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Wednesday, January 25, 2012

The Formation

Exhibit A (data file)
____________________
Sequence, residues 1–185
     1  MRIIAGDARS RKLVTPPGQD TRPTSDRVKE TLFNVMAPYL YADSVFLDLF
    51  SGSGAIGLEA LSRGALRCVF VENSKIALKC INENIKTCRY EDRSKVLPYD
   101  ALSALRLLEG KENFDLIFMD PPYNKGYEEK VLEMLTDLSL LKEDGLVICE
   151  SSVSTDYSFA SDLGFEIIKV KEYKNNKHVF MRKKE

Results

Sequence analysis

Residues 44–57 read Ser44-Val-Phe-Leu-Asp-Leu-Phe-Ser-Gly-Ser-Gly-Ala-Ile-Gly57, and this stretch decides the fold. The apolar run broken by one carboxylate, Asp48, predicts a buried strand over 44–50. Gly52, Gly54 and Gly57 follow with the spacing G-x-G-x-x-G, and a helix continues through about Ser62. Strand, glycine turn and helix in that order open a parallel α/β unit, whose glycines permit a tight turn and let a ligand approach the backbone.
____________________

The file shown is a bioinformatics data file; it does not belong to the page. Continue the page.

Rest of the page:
The formation that I chose is not really identical to the real-life Barcelona, the main difference is that I don’t use a defensive midfielder like Guardiola does and that the wide strikers have a more central position in my tactic. You can see the roles and mentalities for each player in the screen shot below so I guess going into details is not necessary. Well, maybe just a quick run-down: sweeper keeper, full backs, central defenders, 2 box to box midfielders, one deep lying playmaker, 2 defensive forwards and one trequartista. The Team Instructions As you can notice from the image below the team has a fluid philosophy and an attacking starting strategy, it plays the offside trap along with a high defensive line and the players have to use short passing, press their opponents and use their imagination The central deep-lying midfielder is designed as the team playmaker. Tactical Analysis The average positions screen shows a bit more about the players movement during a game, the most important aspect for me is that the team stays compact both on and off the ball. And that takes me to my favourite shape in football: triangles! When I watch a game I always look for triangles and that is because if three of your players are forming a triangle with reasonably-sized sides then they will have a much easier task in taking out an opponent through short passing. The screen shot below shows two things: 1. My atrocious design skills. 2. The triangles that are formed when my team attacks. The distances between my players are reasonably small and that means they can use short passing to eliminate their opponents, maintain possession and eventually create scoring chances. I think that the trequartista is the key player in this tactic, mostly because he will often have space to receive the ball between the defensive line and the midfield line of the opponent. That man has to be creative and skilful and Barcelona have the very best man for the job: Lionel Messi. As you can see in the image he has received the ball between the lines, made a quick turn and then had plenty of time and space to play a through pass for the left side striker who then… scored. The full backs are also very important in this tactic and that is because the opponents tend to cover the middle of the pitch a lot more than the flanks given the threat of our three strikers. That leaves plenty of space for the full backs to exploit, like you can notice in the following picture. The trequartista passed the ball to the right back who had acres of space in front of him, advanced to the byline and then crossed the ball low into the middle of the area creating a good scoring chance. When we don’t have the ball there’s only one thing we have in mind: get it back as quickly as possible! The players will press their opponents all over the pitch, as you can see two of the strikers doing in the picture below. The result? The opposition right back was under pressure and passed the ball straight to one of our midfielders. Remember this: when you capture the ball in the opposition half you will have a far better chance of creating a dangerous attack than when you get the ball inside your own half and that is because the opposition defence will have a lot less time to get organized. The Results I have played almost a full season with Barcelona using this tactic and I guess the league table speaks for itself: we won the title with four games to spare, won 33 games, drew 1 and lost none, scored 110 goals and conceded just 13. The most pleasing fact is that we have beaten arch rivals Real Madrid six times out of six, scored 16 and conceded just 3 in the process. I’m so sorry José One of the best matches of the season was away at Atletico Madrid, a strong team, but we managed to beat them 5-0 away from home at the end of a game that we dominated on all aspects. In fact, there were just a few games in which we had less than 60% ball possession. However, I have noticed that we were having some problems in some away games and that’s what pushed me to create an away version of the tactic. I have employed this version against Man City in the Champions League and, as you can see, we were not as flamboyant in attack but we still had very good possession and kept the opposition fairly quiet. The main change in the away tactic is the strategy which goes from attacking to counter, the defensive line is pushed a bit deeper and doesn’t play the offside trap any more, the tempo is slower, the team is a bit wider and does employ time wasting sometimes. Last but not least, the set pieces approach is mostly borrowed from Darren’s excellent guide, not entirely but the main things are there. You will need players with good passing for this tactic, that is essential, and I also suggest loading the counter version as a backup tactic in match preparation. Here are the download links: - Attacking Version - - Counter Version - After downloading the files you have to place them in the Documents>Sports Interactive>Football Manager 2012>tactics folder and then you will be able to find them in the game tactics screen under “archived tactics”. That’s about it, enjoy the tactic and please ask any questions if you have them or provide feedback in order to improve this FM 2012 tactic. Oh, and enjoy three videos of Barcelona playing this tactic: click here to watch, click here to watch, click here to watch P.S.: I have to say that Messi is fabulous in FM 2012, fabulous! UPDATE - I also won the Champions League and Spanish Cup with Barcelona - I won the Romanian Second Division title with Viitorul Constanta in my first season (read all about that here)
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